Food people in the know are going to tell you that if you want the best Chinese food in the Bay Area, these days you have to leave the city. This may be true in the broadest strokes, and there are big fan bases for Young Can Wok in Burlingame and China Village in Albany. (Michael Bauer also recently gave his stamp of approval to Royal Feast in Millbrae.) For this list, we're only going as far as Daly City, but that being said, there's still great Chinese food here! And just in the last year we're seeing a potential renaissance in Chinatown itself with the openings of Mister Jiu's and China Live. So, whether you want dim sum or a full banquet, this list should have you covered. (See also our list of the best places for soup dumplings, a.k.a. xiao long bao). — Jay Barmann

China Live
The newest entry on this list is George Chen's big, bustling Market Restaurant at his multi-floor China Live complex. The more upscale Eight Tables on the second floor hasn't opened yet as of this writing, but the main floor restaurant is a fun experience in and of itself, if not necessarily one that's bent on authenticity. You'll find Peking Duck reimagined here as a few petit buns with tender meat inside, and chicken wings made with shrimp paste and dubbed "Chicken of the Sea" wings. You shouldn't miss the Three Treasure claypot rice or any of the dim sum options, and the place also has a great bar with mixed drinks and excellent wines to pair with the food. — Jay Barmann
644 Broadway between Grant and Stockton


Eric's Restaurant
Still doing its humble best in Noe Valley is 26-year-old Eric's, which specializes in Hunan and Mandarin classics like sesame beef, Mongolian beef, and mango chicken. For milder, less adventurous palates, this place is always going to be an easy winner, and those in their delivery vicinity probably already know this. — Jay Barmann
1500 Church Street at 27th

Hong Kong Lounge II. (Yelp's May A.)

Hong Kong Lounge II
As in the case of the Godfather and Mighty Ducks movies, sometimes the sequel is better than the original. Hong Kong Lounge II is a classic dim sum spot in Laurel Heights that the Chronicle's Michael Bauer awarded with three of his stars. Just about everything on the menu is pretty darn fabulous but we especially love the steamed pork buns ('a moment on the lips, a lifetime on the hips') and the xiao long bao (aka: Shanghai Dumplings.) The interior of this Geary Blvd. spot is surprisingly lovely and diners can expect warm, welcoming service. — Beth Spotswood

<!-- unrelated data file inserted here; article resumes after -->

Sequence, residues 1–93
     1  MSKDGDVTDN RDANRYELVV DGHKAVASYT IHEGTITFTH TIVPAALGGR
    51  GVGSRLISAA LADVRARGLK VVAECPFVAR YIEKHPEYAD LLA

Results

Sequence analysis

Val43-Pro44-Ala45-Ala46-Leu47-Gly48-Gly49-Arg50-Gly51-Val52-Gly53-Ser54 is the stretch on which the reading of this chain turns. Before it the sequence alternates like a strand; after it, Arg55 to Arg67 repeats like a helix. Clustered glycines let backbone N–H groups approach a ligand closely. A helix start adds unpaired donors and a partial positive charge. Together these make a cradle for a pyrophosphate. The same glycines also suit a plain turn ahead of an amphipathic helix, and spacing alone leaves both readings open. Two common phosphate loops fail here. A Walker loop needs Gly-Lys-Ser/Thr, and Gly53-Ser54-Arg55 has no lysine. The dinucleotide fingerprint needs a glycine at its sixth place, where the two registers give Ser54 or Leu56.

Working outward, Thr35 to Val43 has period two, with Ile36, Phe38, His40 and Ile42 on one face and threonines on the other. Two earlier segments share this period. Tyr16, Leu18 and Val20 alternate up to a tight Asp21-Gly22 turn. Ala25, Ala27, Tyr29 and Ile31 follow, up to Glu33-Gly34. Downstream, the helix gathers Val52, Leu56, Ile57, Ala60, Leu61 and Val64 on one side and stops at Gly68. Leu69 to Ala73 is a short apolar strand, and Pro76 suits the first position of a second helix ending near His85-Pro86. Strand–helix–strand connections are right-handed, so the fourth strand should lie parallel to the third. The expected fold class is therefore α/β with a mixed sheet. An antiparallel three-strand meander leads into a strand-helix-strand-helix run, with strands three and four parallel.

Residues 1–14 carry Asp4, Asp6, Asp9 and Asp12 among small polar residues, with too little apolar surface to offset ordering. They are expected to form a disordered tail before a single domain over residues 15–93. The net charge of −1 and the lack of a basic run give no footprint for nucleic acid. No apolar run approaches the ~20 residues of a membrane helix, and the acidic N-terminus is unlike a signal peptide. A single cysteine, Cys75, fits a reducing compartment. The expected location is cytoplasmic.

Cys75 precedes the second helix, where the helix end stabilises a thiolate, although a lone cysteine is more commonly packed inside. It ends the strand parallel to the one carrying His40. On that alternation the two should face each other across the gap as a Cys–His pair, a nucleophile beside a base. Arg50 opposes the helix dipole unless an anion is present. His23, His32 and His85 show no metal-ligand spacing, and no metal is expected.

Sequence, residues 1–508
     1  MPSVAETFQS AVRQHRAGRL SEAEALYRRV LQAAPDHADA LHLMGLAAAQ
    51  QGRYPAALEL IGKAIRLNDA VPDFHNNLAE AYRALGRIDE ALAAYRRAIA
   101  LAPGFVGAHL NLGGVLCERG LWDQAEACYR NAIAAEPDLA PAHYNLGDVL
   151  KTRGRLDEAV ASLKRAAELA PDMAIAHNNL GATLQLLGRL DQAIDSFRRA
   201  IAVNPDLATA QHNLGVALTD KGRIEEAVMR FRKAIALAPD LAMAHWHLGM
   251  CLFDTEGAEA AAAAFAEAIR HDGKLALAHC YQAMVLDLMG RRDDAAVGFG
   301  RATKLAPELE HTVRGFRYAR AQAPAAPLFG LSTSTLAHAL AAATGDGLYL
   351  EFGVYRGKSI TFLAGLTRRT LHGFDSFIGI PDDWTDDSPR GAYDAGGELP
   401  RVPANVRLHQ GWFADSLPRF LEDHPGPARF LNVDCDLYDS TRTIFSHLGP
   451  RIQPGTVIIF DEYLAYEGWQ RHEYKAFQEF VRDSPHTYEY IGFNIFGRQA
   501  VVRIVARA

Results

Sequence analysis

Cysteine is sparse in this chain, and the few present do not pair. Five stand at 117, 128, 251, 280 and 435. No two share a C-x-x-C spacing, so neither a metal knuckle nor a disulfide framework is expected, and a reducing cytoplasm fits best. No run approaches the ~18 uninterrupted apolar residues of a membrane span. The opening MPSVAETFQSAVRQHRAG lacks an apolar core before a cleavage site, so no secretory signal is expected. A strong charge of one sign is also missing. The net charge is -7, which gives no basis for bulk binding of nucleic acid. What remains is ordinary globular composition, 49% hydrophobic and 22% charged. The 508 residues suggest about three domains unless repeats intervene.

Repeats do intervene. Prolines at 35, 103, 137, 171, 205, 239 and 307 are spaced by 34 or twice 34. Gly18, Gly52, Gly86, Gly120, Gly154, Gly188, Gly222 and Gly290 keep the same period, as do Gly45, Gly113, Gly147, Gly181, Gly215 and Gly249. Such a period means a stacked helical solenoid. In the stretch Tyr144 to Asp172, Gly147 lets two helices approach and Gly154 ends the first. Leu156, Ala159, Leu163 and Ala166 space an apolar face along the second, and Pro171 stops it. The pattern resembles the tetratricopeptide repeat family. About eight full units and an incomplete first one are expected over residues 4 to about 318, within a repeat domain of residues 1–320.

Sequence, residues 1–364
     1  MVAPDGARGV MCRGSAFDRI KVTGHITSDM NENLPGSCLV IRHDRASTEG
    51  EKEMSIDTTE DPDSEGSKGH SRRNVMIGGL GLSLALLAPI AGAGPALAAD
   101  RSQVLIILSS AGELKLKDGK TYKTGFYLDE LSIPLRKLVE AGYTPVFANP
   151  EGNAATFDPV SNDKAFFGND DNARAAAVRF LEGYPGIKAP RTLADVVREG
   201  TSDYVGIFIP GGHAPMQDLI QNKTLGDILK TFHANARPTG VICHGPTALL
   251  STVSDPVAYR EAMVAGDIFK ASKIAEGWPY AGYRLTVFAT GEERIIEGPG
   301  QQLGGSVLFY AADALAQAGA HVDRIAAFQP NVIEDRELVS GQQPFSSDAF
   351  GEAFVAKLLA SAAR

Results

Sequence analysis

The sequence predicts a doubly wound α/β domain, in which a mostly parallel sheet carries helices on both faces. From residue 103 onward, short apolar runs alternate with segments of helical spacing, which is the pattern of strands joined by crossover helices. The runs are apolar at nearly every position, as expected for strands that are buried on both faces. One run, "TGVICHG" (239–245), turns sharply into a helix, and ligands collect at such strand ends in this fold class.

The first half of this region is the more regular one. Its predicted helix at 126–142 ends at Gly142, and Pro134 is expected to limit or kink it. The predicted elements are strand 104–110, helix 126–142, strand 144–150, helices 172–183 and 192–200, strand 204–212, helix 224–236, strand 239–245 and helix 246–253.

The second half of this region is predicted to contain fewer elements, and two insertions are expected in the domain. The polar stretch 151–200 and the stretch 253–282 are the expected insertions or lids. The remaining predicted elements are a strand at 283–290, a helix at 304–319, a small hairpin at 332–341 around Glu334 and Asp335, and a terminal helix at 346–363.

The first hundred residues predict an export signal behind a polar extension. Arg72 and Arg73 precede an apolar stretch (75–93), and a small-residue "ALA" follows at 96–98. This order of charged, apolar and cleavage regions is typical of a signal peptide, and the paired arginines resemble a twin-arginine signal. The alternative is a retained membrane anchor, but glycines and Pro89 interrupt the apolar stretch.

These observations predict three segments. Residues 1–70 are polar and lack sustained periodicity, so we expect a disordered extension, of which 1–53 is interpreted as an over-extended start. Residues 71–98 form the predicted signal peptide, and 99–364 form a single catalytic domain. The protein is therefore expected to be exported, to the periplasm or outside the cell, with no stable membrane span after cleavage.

3300 Geary Boulevard, SF

Photo of the splendiferous Koi Palace, by Koi Palace

Koi Palace
The first time you take someone to Koi Palace expect them to be nonplussed: "Are we going to Target? Why are we in this strip mall parking lot? Are you taking me somewhere to kill me?" But then you step into the Vegas-y splendor of the restaurant, and all is forgotten. The system of colored jackets on the staff! The (duh) koi! The occasional dragon! Koi Palace is an experience as much as it is a meal, a spectacle as much as it is a feast. And as befits a palace, they have a number of menus, all of which change at the drop of a hat, so call in advance if you're hankering for a specific dish (650-992-9000) to make sure they'll be serving it. — Eve Batey
365 Gellert Blvd, Daly City

Photo: Jen B./Yelp

Mama Ji's
Word has gotten out around Diamond Heights, Eureka Valley, and the Castro that this small spot on 18th Street is where it's at for dim sum. But the menu of Sichuan delicacies inspired by owner Lily Ji's favorite family recipes — including things like Fish Fragrant Eggplant, stir-fried pickled long beans with ground pork and chiles, and Mama Chen's Bean Curd — is a standout that compares with some of the best in the Bay Area. As Ji told the Chronicle recently, she had no formal training, but spent a month back in China with her mother learning all her techniques before opening Mama Ji's, and her mom, now 80, still serves as unofficial consulting chef. — Jay Barmann
4416 18th Street between Douglass and Eureka

Image: Alison Y. via Yelp

Mission Chinese Food
The hipster hole-in-the-wall that is Mission Chinese Food is probably somewhat responsible for the San Franciscans like to stand in line meme, as wait times on busy nights can still approach the two-hour mark. (They do, in fact, take reservations now, though). The dilapidated and outdated yellow awning out front that still calls the place Lung Shan (which actually gave up and turned the place over to this former pop-up several years ago), and it belies an ambient-lit interior, non-ironically packed with low-budget Chinese New Year decorations galore. And the influence of celebrated founding chef Danny Bowien can still be seen in creative dishes like kung pao pastrami, stir-fried pumpkin, and salt cod rice. The place not be as consistently great as it was in its beginnings, but style points go to Mission Chinese for putting shakers of MSG on the tables.
— Joe Kukura
2234 Mission Street between 19th Street and 18th Street

Photo: Facebook

Mister Jiu's
Chef Brandon Jew's homecoming in his hometown's Chinatown, Mister Jiu's, has gotten plenty of accolades and attention since its 2016 debut, including a Michelin star. But honestly, there's no prettier dining room anywhere in the neighborhood, and Jew's food sparkles with imagination. Dishes like the hot and sour soup (with Maine lobster) and the steak fried rice (made with wagyu skirt steak trimmings) show off Jew's talent for elevating the humble, while large-format dishes like the salt-baked whole trout and the Peking-style roast Liberty duck are stone-cold stunners. — Jay Barmann
28 Waverly Place

(Photo: Daniel Chodusov )

New Sun Hong Kong